By ALAN SHACKLETON
For almost 20 years, Bernie Fletcher has been writing with insight and humour about the movies, the people in them, the people who make them and the places in and around East Toronto where they are filmed.
He does that in his Reel Beach column for Beach Metro News.
As the paper celebrates its 50th year serving the community, Fletcher shared how he started writing the column and why he loves doing so.
A Beacher to the core, Fletcher grew up in the Glen Manor area and attended high school at Malvern C.I. after which he studied history at the University of Toronto.
“My family moved to the Beach in 1952. Am I a ‘newcomer’? I’ve lived near Malvern C.I. since 1978,” he said. “I was walking by and saw that a kid had scribbled ‘Bernie P’ in the fresh cement in front of my house so I bought it (the home, not the sidewalk).
Fletcher was a teacher with the Toronto District School Board before he retired in 2004. Schools he taught at included Balmy Beach, Leslieville and Regent Park.
It was shortly after he retired that he got in touch with then Beach Metro News editor Carole Stimmell about writing a column about films and film production in the area.
“Movie production was growing in Toronto so I thought I could take photos and write about Beach locations,” said Fletcher. “Everybody needs a hobby and I was terrible at golf.”
He said the East Toronto area is a go-to spot for movies and television productions to shoot for a number of reasons including the proximity to major studios.
“East Toronto is popular with production companies largely due to the proximity of the Studio District, but also because of the wide range of architectural styles in the Beach, including the R.C. Harris Plant, Kew Gardens, beautiful homes and our Boardwalk,” said Fletcher. “We can look like many different places.”
The community has also been and still is home to numerous talented and creative people in the entertainment and arts businesses.
“The Beach has been home to so many talented writers, artists and performers,” said Fletcher. “A lot of media and film people live in the Beach and our community is welcoming to the arts, even film crews.”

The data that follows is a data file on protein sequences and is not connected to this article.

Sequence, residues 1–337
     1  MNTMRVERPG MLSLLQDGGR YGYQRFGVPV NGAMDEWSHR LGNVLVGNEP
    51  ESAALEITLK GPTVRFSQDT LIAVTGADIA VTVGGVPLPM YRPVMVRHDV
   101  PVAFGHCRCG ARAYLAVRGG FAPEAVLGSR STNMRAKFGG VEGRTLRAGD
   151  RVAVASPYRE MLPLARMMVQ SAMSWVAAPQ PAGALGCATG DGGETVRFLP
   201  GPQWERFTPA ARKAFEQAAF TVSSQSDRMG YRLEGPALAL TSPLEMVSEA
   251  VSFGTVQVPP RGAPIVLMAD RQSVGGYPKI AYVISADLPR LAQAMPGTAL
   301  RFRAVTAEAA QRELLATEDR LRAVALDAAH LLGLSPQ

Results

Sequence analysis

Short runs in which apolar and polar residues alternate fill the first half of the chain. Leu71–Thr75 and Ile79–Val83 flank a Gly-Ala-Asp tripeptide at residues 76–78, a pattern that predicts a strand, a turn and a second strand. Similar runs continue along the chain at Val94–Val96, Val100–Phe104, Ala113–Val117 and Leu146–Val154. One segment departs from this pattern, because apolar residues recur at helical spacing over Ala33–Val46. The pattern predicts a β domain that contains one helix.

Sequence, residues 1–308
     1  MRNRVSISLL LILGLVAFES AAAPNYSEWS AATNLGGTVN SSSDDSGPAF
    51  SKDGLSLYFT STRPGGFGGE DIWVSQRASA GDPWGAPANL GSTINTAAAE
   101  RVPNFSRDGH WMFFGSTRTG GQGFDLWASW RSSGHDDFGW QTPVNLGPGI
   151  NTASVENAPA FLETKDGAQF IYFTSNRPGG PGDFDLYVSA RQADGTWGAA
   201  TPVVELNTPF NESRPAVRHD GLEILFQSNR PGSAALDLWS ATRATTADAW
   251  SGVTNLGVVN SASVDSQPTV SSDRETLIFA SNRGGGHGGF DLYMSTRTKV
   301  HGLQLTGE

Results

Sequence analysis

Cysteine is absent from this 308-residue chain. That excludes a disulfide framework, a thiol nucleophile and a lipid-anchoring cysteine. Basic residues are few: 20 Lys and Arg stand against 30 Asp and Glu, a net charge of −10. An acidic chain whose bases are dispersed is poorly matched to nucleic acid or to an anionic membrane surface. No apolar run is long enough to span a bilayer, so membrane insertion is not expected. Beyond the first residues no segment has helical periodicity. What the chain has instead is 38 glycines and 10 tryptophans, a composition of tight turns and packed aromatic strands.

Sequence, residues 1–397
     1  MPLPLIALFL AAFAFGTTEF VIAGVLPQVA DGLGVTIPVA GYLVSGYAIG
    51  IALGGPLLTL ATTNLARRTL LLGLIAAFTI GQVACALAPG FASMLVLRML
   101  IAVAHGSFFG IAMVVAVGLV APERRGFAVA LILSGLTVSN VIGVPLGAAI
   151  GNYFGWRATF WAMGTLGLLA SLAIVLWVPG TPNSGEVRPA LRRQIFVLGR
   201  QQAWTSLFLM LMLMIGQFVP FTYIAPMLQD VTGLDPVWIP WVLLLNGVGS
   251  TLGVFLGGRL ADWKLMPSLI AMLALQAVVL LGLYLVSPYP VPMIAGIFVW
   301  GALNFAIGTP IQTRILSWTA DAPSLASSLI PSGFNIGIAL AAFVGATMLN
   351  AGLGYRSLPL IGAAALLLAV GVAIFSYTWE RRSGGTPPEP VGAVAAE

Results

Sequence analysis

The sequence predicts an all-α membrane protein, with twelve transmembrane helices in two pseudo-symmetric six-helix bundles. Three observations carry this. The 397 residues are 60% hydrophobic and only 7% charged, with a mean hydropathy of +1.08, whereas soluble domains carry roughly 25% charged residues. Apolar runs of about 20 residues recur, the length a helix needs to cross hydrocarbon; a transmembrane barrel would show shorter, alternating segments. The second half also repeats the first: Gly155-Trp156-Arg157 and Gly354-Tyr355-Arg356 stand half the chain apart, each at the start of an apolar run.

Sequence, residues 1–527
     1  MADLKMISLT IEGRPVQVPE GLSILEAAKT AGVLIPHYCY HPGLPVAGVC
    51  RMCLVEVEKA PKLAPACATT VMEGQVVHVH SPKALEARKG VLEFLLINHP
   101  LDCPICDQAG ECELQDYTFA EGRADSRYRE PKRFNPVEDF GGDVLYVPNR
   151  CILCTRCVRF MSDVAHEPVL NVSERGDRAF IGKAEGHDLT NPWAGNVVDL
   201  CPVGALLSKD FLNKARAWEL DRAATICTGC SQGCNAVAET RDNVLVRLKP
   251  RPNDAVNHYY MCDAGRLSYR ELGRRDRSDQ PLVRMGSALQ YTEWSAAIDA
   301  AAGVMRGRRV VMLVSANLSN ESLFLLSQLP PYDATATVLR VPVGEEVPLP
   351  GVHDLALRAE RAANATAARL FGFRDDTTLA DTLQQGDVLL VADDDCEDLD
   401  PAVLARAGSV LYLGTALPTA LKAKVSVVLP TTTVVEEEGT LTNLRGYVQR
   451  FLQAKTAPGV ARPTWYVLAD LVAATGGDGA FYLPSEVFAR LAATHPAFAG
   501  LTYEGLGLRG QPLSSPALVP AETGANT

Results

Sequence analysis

Residents also do a good job not being too star struck when they see celebrities in the neighbourhood, he added.
“Matt Damon lived here for weeks and nobody said ‘boo.’ One homeowner told me how she went down to the basement in her pyjamas to get cream for her morning coffee and Jason Priestly asked if there was anything she needed. In my experience, show biz people are a lot nicer than their ‘Hollywood’ image. I am always impressed with how thoughtful and sincere actors and directors are toward someone who just writes for fun.”
Fletcher said he enjoys writing the columns, and the feedback and suggestions he receives from readers. In particular he likes to write about the ‘unsung heroes’ and those stories get some wonderful reactions, he said.
“I like to research the stories of ordinary people in extraordinary situations, courage under fire, such as the Beach woman who as a young girl saved her deaf mother’s life on the Titanic,” said Fletcher.
“I am especially interested in R.C.A.F. (Royal Canadian Air Force) flyers who flew into danger again and again. Wally Floody was the real ‘tunnel king’ of The Great Escape. Ace pitcher Phil Marchildon was a tail gunner who saved his mate’s life and was also a P.O.W.”
The stories of Captain Arthur ‘Roy’ Brown, who was credited with shooting down the Red Baron, and flyers Andrew Carswell and Robert Buckham are others he has told in his column.
Fletcher said the column he feels received the most reaction was about bank robber Edwin Alonzo Boyd, whose father had been a police constable at Station 10 (now the site of Community Centre 55 on Main Street.
“Even though Boyd confessed to at least two murders before he died, some thought I was too harsh on him,” said Fletcher of the column. “The most touching letter came from a relative of the young woman Boyd murdered in 1947. The victim’s brother had been a suspect and the family was devastated by the death for generations.”
Fletcher said the past year has been a challenging one for everyone in show business, from production companies, to actors, to movie theatre operators due to the COVID-19 pandemic.
He mentioned how much he loves the Fox Theatre on Queen Street East in the Beach and the special experience it provides for movie lovers.
“Streaming services are popular now, but it’s just not the same for me. I’ll take the Fox any day. The Fox has been around for well over a century and let’s keep it for another 100 years. The Fox is a community treasure and I believe Beachers will support all local businesses once we are able to get back to normal.”
Until that time and beyond, Fletcher said he will continue to write his column for Beach Metro News.
“Thank you to all those who support Beach Metro News and local businesses like the Fox. The Beach has a rich history which we need to preserve and nourish. There’s lots of wonderful stories to tell.”